Helsinki’s secret is that the city is like the whole of Finland in miniature, compressed at the end of a single peninsula. This city encompasses the wooden houses of Käpylä, the stone houses of Töölö, the glass office buildings of Ruoholahti and the fields of Viikki. On the island of Lammassaari there are tiny wooden cottages and dances at the old workers’ house, while in Vallila you can listen to trendy techno music in disused factories. Kontula is a neighbourhood with long traditions and roots, whereas in Eira people live it up on the fringes of urban culture. Helsinki includes Turku and Tampere just as much as Rovaniemi and even Kuusamo. You can ride the tram from a village atmosphere to the feel of a big city, insofar as that’s possible in Finland. Here you have an archipelago, forests, fields and parks. Here you have a city. All of Finland in one go.
For me Helsinki’s key secret is the sea and archipelago. Even if the sea makes the city windy, which many people hate, for me the proximity of the sea makes it homely – both in summertime and wintertime. The sea gives Helsinki its character. There are many islands off the coast of Helsinki, each with its own wonderful atmosphere. Some you can get to across a bridge or by ferry and others only by boat. I recommend visiting each and every one of them.
Hop off the tram or bus by Lasipalatsi. Do this on a summer morning between 6:30 and 7:30. Walk along Mannerheimintie towards Esplanade Park. Continue through the park past the Havis Amanda fountain to the Market Square. This is just one example of an enjoyable walk in Helsinki. Thanks to its nice size and carefully maintained buildings representing different cultural periods, Helsinki is a great miniature city for walkers. The archipelago off the coast of Helsinki with all its islands is quite unique in the world. The archipelago has not really been utilised as a tourist attraction, even though there are already quite many places you can visit among the islands. Helsinki’s archipelago easily beats Stockholm’s archipelago, for example, in terms of its diversity and openness, even though our Swedish cousins have known how to benefit from the market value of their own archipelago at least a hundred-fold. Compare for yourself!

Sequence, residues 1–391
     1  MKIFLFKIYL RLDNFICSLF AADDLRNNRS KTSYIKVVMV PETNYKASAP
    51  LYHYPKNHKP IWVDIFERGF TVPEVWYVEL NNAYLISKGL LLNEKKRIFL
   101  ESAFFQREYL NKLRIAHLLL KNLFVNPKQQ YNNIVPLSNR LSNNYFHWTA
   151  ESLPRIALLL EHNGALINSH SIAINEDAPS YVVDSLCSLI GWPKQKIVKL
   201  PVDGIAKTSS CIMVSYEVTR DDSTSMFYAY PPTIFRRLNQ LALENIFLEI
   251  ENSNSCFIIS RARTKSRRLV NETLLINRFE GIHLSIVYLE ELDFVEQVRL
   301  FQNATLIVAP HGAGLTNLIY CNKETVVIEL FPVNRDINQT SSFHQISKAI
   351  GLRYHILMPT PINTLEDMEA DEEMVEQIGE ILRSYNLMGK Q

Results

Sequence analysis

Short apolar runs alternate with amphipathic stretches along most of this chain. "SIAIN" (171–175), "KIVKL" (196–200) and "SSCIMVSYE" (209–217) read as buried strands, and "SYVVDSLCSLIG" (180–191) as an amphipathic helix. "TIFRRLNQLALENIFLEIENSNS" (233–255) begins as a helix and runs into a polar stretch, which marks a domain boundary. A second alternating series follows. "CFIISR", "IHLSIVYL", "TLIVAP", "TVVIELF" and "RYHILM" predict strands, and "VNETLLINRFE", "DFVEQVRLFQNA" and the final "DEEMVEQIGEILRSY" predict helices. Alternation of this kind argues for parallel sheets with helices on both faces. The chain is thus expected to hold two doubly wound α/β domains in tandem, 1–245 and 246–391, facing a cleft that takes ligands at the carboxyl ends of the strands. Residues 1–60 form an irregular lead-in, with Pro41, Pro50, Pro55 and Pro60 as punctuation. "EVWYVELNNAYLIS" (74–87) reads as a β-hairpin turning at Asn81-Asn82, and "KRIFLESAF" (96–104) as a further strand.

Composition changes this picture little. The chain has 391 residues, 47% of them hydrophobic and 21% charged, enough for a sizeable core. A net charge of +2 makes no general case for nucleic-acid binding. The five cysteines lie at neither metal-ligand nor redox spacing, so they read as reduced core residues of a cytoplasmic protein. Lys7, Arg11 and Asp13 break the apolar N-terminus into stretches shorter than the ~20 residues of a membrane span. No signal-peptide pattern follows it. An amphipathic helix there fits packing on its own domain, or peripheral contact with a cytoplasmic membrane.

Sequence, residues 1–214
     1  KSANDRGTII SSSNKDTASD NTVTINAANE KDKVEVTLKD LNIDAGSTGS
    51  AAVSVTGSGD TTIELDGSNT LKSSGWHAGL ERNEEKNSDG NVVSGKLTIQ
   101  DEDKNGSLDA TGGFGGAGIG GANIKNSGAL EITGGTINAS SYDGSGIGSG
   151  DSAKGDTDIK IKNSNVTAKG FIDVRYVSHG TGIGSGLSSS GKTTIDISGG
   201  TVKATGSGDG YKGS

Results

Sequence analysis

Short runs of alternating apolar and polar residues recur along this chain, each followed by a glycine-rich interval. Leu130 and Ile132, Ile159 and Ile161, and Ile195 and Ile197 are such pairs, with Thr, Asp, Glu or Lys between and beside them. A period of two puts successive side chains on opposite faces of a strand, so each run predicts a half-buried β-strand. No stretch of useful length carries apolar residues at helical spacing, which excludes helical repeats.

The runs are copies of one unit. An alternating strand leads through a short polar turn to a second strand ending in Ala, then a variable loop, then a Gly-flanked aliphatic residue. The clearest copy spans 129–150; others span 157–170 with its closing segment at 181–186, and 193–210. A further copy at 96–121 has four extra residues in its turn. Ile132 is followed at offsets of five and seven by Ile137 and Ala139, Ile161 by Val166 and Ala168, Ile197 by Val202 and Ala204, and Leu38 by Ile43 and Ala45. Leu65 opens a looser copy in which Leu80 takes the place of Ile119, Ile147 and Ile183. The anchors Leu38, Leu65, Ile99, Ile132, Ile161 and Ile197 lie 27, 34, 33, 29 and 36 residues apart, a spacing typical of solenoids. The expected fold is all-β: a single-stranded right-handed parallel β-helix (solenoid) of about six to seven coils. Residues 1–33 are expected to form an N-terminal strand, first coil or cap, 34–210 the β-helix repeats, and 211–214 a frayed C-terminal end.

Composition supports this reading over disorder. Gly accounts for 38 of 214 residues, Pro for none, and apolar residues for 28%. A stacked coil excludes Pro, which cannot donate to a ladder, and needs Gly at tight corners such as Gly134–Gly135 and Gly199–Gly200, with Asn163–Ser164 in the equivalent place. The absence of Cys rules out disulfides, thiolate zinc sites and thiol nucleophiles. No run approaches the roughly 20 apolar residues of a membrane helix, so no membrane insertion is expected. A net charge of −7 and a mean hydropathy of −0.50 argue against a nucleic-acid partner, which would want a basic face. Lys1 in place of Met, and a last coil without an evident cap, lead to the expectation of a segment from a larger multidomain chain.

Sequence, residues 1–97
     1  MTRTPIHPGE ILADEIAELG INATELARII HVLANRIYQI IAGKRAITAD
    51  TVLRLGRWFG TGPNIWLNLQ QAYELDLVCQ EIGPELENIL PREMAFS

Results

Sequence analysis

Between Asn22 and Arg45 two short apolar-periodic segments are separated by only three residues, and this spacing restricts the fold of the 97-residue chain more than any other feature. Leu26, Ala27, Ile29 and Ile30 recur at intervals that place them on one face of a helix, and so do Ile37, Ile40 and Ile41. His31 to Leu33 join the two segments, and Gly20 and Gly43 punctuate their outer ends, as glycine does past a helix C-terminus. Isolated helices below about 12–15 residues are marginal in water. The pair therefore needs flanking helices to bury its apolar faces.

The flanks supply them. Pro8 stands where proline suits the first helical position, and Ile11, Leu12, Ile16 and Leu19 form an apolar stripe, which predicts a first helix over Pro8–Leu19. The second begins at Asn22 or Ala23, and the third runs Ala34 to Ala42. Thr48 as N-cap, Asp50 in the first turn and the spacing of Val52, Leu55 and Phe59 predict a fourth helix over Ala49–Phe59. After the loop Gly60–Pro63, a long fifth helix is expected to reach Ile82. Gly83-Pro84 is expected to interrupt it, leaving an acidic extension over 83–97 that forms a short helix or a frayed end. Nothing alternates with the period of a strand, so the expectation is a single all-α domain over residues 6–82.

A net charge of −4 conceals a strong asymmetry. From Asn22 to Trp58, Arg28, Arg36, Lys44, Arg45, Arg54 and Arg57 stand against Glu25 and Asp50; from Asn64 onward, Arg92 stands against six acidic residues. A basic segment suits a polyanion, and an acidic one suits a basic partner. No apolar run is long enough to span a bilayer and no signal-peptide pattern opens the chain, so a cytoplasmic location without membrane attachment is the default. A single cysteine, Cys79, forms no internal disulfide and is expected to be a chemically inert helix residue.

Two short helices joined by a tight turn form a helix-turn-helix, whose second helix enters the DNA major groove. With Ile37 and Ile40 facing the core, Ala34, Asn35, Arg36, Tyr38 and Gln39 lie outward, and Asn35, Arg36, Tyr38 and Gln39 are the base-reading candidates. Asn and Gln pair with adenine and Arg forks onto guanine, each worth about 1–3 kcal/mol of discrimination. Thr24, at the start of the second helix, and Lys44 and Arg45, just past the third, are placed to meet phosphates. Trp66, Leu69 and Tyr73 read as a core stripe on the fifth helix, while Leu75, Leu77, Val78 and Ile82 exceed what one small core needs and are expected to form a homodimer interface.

Helsinki’s secret lies in all its different neighbourhoods. It’s wonderful how each district has a unique atmosphere, how different kinds of businesses group together in certain areas, how they all have different architecture and their own purpose as part of Helsinki. It’s great that you can choose your place to live and spend time according to the general feeling: the maritime appeal of Herttoniemenranta, the peace and quiet of Töölö, the pub life in Kallio, the luxury of Eira or the park-like beauty of Kulosaari.
What a source of energy – Keskuspuisto [Central Park] in any season. Space for everyone. One of my most wonderful moments was a spring day when I myself was on skis. In one glance I saw joggers, mountain bikers, people walking dogs, children sitting in sleds and police riding on their fine horses. Everyone had a smile on their face.
The city’s secret lies in the contrasts it offers and how everyone has the chance to experience them. It is easy for locals and visitors alike to enjoy them. Helsinki has a certain unpredictability and diversity that come out exactly when you don’t expect anything. Helsinki knows how to surprise and make you smile. Within the Kallio district you might experience a sauna, the sea, sunshine, the smell of grilling, a fresh gust of wind, a surprised animal, a beautiful flower, the ripple of the waves or even a traditional “canopy kiosk” that is still open. Bright spots in life.
Helsinki has the world’s best cafes and more are coming. The best include Cafe Birgitta, which has the best view to the sea and a fine building. Then there is Cafe Regatta, the most special cafe in the world with a great view to the sea. And then Sininen huvila, which has the world’s best view to the Töölönlahti bay. An interesting new container cafe will open in May, so I’ll have to go and check it out.
Helsinki’s secret can be found on the shores of East Helsinki. We have an old beat-up Buster motorboat that we use to get from the centre of Helsinki out to the archipelago in no time. Along the way you can see everything possible, from old and new neighbourhoods to dream villas, and public beaches to luxurious private seaside saunas. Helsinki’s maritime nature is equal – the see belongs to everyone. Even if you can’t see the sea from your own window, you can always walk or bike to the shore and take an inexpensive ferry to an island. I often think that, whatever happens, life in Helsinki will always be good in some way. Even if I lost all my material belongings, I would always have these shores and this sea.